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Natural Gas 101

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  • Natural Gas 101

    This document will give you the basics about natural gas and cng.
    Attached Files
    [ATTACH=CONFIG]temp_4586_1441434431016_578[/ATTACH]

  • #2
    Re: Natural Gas 101

    Thank you Curtis, I like the part that NG is not "Oil" but the ng companies are raising prices saying they are paying higher prices for imports? T Boone are you not suppling NG to these companies? I drive a Lincoln and Ford will do nothing to help America get off the "OIL". My lease is up in June 09.... so here I come HONDA GX. California has the stations for what is the real usages - going to and from work. 99% of the drivers DO NOT DRIVE across America. I think the only way to really get this going is to start in California and get the state to only allow new non gas autos/trucks to be sold and registered by Jan 2010. They all have to be some type of Hybrids. I believe Californis sells more new auto/trucks than anyother state. Just my idea and I will start in Jan 09 to get something going. This is a great site.

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    • #3
      Re: Natural Gas 101

      Welcome to the site Durf1, and welcome to the future of American transit... CNG. There is a new buzzword getting around out there, its sustainability. Imagine that you had to walk across a desert. You had only one canteen, and it had to last you all the way across. You have to figure out how to make it last... but you know it won't. That's our oil situation, and it's nearly as dire.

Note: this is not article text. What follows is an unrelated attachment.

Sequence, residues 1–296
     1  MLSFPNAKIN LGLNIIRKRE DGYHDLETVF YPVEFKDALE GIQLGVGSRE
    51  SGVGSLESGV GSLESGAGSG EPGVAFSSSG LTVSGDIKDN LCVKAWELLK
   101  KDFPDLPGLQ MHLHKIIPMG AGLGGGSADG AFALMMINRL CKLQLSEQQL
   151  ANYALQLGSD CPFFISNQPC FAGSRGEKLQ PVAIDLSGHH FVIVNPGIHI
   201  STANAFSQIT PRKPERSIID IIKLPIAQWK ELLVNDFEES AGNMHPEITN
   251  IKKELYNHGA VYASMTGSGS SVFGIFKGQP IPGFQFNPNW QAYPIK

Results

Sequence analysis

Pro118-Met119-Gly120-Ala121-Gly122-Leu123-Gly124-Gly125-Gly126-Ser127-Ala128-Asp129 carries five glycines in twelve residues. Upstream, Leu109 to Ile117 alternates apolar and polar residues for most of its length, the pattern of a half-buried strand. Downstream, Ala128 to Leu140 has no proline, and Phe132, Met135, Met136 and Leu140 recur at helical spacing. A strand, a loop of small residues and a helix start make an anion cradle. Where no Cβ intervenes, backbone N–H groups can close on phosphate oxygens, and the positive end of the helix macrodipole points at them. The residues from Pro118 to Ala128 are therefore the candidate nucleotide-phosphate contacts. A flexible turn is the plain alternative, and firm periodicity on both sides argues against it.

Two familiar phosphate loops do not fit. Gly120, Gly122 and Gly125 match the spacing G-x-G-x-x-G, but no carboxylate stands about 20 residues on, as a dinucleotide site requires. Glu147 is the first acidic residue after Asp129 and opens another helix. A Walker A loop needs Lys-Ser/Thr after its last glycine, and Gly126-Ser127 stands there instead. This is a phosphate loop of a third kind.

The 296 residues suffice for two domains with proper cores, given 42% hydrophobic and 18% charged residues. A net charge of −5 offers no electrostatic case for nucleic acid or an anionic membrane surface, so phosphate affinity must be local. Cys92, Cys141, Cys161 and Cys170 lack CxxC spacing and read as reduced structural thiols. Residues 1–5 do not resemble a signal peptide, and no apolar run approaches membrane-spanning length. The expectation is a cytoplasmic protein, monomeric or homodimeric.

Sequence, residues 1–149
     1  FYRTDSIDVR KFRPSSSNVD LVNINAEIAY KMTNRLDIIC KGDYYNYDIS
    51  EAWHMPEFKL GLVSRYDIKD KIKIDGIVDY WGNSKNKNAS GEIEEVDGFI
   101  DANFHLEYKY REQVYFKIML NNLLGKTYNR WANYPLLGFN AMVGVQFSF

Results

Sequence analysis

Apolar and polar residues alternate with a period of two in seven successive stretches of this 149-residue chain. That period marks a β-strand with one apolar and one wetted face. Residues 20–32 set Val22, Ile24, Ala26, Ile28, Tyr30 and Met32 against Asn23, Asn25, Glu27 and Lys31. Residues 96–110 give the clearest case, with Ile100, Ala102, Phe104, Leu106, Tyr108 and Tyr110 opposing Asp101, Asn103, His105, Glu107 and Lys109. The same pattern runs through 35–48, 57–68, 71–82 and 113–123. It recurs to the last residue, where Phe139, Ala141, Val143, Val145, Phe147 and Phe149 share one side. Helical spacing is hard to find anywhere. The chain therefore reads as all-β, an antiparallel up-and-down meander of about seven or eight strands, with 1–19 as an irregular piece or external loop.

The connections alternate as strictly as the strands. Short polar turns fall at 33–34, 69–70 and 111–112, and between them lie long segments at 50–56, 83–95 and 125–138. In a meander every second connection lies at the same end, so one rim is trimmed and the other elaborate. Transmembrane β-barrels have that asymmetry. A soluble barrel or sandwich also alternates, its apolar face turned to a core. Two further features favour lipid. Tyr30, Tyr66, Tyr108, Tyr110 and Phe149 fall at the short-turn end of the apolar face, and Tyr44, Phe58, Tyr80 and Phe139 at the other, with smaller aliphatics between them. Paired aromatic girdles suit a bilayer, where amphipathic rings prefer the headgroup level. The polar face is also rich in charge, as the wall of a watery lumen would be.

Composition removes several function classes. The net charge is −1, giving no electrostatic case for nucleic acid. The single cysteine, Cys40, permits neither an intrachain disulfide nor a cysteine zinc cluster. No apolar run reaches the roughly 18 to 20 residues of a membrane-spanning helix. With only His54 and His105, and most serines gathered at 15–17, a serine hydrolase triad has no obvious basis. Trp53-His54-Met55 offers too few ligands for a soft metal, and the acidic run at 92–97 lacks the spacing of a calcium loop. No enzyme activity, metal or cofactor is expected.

Now imagine that the sparse vegetation that was in the desert could produce enough water for your needs upon demand. You dig a hole, throw some weeds in the bottom, put a cup in the center on the hole and cover the hole with plastic. Then drop a stone in the center of the plastic to make the moisture drip off the center into your cup. Now you can produce as much water as you need, whenever you need it... that's sustainability.

      We need to start thinking about sustainability in every aspect of our lives. Americans are wasteful. We no longer fix anything, we throw it away and get another... immediate gratification is our way of life.

      If our children's children are going to have a decent life on this planet, we need to start thinking about how we can sustain the things we do indefinitely. If we don't, we'll find ourselves at the dead end of a one way street.

      We got ourselves where we are, and the world in the state it's in, by doing lots of little unsustainable behaviors. I think we can reverse the situation by a small shift in our behavior. Just start making changes toward small "sustainable" habits. Things like compact florescent lights, recycling our junk mail and plastic grocery bags instead of dropping them into the trash. Just little habits that will grow into a sustainable future for our kids.

      If our oil was cut-off tomorrow... our society would collapse... totally. We need to work toward a future where we no longer rely on others with interests that are not our own to maintain our way of life. Reduce oil consumption in every way we can, and support every effort that leads us to a sustainable world, no matter how small.